Lessons from a high-CO2 world: an ocean view from ∼ 3 million years ago
McClymont, Erin L.; Ford, Heather; Ho, Sze Ling; Tindall, Julia C.; Haywood, Alan M.; Alonso-Garcia, Montserrat; Bailey, Ian; Berke, Melissa A.; Littler, Kate; Patterson, Molly O.; Petrick, Benjamin; Peterse, Francien; Ravelo, Ana Christina; Risebrobakken, Bjørg; De Schepper, Stijn; Swann, George E. A.; Kaustubh, Thirumalai; Tierney, Jessica E; Van der Weijst, Carolien; white, sarah; Abe-Ouchi, Ayako; Baatsen, Michiel L. J.; Brady, Esther C.; Chan, Wing-Le; Chandan, Deepak; Ran, Feng; Guo, Chenchen Guo; von der Heydt, Anna S.; Stephen, Hunter; Xiangyi, Li; Lohmann, Gerrit; Nisancioglu, Kerim Hestnes; Otto-Bliesner, Bette L.; Peltier, Richard W.; Stepanek, Christian; Zhang, Zhongshi
Journal article, Peer reviewed
MetadataShow full item record
Original versionClimate of the Past. 2020, 16 (4), 1599–1615 10.5194/cp-16-1599-2020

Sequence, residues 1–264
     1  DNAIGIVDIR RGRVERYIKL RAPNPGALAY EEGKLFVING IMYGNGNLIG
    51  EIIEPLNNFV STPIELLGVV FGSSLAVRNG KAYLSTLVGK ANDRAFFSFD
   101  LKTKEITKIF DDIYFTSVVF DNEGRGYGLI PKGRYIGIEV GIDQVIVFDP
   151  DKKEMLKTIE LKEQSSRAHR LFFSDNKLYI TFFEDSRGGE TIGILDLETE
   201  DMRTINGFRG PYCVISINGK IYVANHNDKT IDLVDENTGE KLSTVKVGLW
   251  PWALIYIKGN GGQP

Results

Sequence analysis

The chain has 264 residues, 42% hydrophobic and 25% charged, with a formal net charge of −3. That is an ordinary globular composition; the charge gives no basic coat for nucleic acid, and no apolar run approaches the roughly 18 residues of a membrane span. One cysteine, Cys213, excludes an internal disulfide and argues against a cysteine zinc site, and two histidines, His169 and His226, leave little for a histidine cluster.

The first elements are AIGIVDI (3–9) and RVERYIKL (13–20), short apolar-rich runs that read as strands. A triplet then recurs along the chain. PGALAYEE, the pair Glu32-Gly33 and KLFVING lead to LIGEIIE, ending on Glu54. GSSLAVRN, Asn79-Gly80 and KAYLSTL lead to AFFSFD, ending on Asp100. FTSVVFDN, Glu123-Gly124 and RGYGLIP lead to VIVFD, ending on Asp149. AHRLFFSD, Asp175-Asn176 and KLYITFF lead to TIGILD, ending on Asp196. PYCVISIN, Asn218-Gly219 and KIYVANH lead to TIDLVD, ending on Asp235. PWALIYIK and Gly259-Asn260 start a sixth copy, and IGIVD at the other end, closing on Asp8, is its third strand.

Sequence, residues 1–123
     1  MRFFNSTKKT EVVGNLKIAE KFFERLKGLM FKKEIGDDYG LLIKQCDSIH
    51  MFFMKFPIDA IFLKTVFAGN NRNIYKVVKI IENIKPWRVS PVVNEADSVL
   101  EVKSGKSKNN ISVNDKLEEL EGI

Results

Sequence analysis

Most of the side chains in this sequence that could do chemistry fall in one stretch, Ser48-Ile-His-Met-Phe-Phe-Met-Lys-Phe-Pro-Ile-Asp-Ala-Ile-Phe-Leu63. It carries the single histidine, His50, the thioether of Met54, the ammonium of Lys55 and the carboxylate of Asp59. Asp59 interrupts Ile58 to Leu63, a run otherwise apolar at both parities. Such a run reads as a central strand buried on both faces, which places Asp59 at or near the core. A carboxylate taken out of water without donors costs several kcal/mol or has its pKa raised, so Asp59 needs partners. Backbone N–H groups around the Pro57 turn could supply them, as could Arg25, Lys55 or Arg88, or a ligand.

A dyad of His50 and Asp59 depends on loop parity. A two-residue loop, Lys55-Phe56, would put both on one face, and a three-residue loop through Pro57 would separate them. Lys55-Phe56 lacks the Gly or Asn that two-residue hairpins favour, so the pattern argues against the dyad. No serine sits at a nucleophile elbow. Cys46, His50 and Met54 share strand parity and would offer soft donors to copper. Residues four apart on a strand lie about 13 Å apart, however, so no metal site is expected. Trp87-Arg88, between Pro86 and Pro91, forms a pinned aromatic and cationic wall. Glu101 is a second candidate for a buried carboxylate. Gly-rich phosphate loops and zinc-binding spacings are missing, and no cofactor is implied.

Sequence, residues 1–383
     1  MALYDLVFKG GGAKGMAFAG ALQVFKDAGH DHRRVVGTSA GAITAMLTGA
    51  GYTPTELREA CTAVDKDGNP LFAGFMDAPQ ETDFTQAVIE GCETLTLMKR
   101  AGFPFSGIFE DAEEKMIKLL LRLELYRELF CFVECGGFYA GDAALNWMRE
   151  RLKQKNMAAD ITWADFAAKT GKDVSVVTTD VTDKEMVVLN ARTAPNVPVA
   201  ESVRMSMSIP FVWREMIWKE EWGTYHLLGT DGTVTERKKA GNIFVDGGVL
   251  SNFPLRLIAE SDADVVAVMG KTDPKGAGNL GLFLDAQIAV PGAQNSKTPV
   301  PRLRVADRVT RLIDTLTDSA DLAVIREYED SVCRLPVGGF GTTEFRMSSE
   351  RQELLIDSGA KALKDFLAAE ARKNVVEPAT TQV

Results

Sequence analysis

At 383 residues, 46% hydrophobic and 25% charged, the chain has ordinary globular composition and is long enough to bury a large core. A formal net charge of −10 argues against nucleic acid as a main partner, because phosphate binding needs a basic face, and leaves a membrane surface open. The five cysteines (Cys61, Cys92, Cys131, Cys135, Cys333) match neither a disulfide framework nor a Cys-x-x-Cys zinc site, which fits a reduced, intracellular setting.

A range of future climate scenarios are projected for high atmospheric CO2 concentrations, given uncertainties over future human actions as well as potential environmental and climatic feedbacks. The geological record offers an opportunity to understand climate system response to a range of forcings and feedbacks which operate over multiple temporal and spatial scales. Here, we examine a single interglacial during the late Pliocene (KM5c, ca. 3.205±0.01 Ma) when atmospheric CO2 exceeded pre-industrial concentrations, but were similar to today and to the lowest emission scenarios for this century. As orbital forcing and continental configurations were almost identical to today, we are able to focus on equilibrium climate system response to modern and near-future CO2. Using proxy data from 32 sites, we demonstrate that global mean sea-surface temperatures were warmer than pre-industrial values, by ∼2.3 ∘C for the combined proxy data (foraminifera Mg∕Ca and alkenones), or by ∼3.2–3.4 ∘C (alkenones only). Compared to the pre-industrial period, reduced meridional gradients and enhanced warming in the North Atlantic are consistently reconstructed. There is broad agreement between data and models at the global scale, with regional differences reflecting ocean circulation and/or proxy signals. An uneven distribution of proxy data in time and space does, however, add uncertainty to our anomaly calculations. The reconstructed global mean sea-surface temperature anomaly for KM5c is warmer than all but three of the PlioMIP2 model outputs, and the reconstructed North Atlantic data tend to align with the warmest KM5c model values. Our results demonstrate that even under low-CO2 emission scenarios, surface ocean warming may be expected to exceed model projections and will be accentuated in the higher latitudes.